Background and Purpose-: The degree of internal carotid artery (ICA) stenosis is an established primary risk factor for embolic stroke. Recent publications suggest that inflammatory features may also play an important role. Our purpose was to correlate acute neurological symptoms with either carotid artery wall enhancement or plaque calcification, on axial CT angiographic source images (CTA-SI) of patients with severe (70%) ICA stenosis. Methods-: 75 consecutive patients with 70% ICA stenosis on CTA-SI were identified. Each case was classified as symptomatic (n=37) or asymptomatic (n=38), and as having either calcified or noncalcified plaque. The latter group was stratified into those with versus without arterial wall enhancement, measured in absolute and relative Hounsfield Units (HU). Results-: Calcified plaque was present in 39% (15/38) of the symptomatic patients and in 62% (23/37) of the asymptomatic patients (P=0.065). Of the 37 patients without calcified plaque, carotid wall enhancement was observed in 83% (19/23) of the symptomatic, but only in 57% (8/14) of the asymptomatic patients (P=0.041). When the "calcified plaque" and "no carotid wall enhancement" groups were pooled, versus the "carotid wall enhancement" group, enhancement was more likely in symptomatic patients (OR 3.625, CI 95% 1.3229 to 9.93, P=0.01 Fisher Exact test). Conclusions-: In patients with severe ICA stenosis, additional stratification of stroke risk may be possible based on the presence of carotid wall enhancement on CTA-SI. Patients with carotid wall enhancement are more likely to be symptomatic, compared to those with either calcified plaque or no enhancement.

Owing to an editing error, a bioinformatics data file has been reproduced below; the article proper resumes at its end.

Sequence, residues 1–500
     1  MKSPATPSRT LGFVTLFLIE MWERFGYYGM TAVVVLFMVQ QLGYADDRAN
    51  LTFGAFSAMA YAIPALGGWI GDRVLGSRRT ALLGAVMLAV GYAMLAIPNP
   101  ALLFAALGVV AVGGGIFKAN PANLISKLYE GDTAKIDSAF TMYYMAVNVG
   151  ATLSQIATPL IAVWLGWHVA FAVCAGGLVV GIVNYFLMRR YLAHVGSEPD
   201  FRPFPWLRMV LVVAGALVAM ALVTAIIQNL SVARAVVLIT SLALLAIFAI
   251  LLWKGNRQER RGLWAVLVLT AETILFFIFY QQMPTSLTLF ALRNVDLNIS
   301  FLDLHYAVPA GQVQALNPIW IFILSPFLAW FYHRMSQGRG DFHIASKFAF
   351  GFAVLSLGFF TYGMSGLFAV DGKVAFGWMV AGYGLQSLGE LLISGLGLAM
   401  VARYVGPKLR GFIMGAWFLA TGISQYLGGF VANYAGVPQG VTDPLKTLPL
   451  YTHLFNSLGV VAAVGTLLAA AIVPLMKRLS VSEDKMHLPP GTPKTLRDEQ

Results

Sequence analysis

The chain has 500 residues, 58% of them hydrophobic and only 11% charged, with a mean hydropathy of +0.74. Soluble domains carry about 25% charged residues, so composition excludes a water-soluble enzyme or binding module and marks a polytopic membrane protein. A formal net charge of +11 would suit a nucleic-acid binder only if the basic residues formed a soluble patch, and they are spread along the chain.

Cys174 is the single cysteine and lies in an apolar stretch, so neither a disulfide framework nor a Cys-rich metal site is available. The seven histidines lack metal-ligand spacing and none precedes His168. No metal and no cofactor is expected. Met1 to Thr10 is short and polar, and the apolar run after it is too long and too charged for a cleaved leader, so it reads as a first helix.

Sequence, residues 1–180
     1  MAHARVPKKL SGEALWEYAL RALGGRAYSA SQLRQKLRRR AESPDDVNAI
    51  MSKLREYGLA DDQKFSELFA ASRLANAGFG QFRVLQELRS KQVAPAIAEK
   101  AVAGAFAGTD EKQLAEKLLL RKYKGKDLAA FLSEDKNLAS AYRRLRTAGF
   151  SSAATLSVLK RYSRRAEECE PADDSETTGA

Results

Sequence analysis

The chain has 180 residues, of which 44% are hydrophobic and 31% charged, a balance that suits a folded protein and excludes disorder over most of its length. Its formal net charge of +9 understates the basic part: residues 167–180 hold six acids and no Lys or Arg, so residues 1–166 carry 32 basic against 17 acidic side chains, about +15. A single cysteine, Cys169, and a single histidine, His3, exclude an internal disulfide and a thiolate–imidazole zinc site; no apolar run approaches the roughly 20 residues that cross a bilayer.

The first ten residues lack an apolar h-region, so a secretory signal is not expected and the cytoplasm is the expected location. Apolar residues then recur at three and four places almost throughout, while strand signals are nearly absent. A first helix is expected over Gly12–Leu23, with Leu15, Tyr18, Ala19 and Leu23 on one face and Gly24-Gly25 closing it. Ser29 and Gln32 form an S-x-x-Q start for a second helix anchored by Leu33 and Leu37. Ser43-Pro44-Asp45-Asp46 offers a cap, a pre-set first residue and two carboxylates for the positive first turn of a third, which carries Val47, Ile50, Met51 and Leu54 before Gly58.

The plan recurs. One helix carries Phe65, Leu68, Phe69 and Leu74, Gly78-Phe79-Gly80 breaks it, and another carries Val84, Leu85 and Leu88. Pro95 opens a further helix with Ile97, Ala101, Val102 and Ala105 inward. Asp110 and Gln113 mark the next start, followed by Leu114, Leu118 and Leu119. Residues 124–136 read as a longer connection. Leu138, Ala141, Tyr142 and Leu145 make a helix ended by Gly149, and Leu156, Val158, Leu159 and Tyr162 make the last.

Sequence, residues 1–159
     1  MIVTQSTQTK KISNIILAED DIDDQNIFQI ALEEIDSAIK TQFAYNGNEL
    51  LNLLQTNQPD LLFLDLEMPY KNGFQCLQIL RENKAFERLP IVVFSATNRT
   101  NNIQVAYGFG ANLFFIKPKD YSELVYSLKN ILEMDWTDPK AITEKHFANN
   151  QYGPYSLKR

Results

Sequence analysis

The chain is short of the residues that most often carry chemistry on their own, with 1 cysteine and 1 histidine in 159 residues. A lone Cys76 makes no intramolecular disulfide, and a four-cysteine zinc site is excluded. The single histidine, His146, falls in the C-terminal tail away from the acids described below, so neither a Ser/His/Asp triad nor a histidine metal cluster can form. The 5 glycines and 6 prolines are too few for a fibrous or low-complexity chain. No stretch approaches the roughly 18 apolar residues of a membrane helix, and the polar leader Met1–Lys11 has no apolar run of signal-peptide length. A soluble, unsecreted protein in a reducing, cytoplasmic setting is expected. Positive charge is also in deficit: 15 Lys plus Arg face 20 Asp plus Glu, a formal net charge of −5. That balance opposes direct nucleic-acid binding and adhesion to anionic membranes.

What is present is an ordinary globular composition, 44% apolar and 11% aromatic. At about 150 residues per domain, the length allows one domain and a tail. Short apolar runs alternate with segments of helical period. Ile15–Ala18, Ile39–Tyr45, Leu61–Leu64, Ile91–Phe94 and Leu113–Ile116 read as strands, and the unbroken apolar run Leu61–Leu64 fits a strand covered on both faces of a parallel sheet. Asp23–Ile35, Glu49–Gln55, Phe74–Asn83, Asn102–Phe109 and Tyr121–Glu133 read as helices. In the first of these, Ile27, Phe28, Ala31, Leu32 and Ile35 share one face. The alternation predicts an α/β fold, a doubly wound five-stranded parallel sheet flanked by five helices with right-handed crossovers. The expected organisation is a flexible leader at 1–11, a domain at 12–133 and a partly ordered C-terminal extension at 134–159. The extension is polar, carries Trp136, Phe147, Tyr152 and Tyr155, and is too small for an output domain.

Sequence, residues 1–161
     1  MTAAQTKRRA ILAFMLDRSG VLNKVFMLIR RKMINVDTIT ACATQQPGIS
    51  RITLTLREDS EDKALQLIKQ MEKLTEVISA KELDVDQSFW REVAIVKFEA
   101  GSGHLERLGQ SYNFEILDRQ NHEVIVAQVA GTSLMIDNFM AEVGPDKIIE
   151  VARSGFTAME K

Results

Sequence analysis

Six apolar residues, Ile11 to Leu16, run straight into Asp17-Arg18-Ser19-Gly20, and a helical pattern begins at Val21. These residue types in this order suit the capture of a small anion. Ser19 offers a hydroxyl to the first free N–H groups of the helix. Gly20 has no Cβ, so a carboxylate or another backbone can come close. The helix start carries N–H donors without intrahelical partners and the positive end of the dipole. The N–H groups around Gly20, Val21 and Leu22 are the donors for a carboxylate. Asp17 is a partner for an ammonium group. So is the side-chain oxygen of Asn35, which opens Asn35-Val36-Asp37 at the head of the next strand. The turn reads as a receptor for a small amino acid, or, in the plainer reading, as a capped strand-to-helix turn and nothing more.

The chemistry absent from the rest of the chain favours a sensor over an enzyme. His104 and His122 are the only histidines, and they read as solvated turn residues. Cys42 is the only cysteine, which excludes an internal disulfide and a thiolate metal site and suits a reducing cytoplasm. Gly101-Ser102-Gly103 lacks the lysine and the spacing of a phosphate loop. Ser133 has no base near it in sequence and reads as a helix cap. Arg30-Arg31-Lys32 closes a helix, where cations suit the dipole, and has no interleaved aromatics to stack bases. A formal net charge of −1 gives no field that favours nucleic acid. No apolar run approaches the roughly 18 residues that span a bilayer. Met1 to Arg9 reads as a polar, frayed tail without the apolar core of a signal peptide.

ASJC Scopus subject areas
- Clinical Neurology
- Cardiology and Cardiovascular Medicine
- Advanced and Specialized Nursing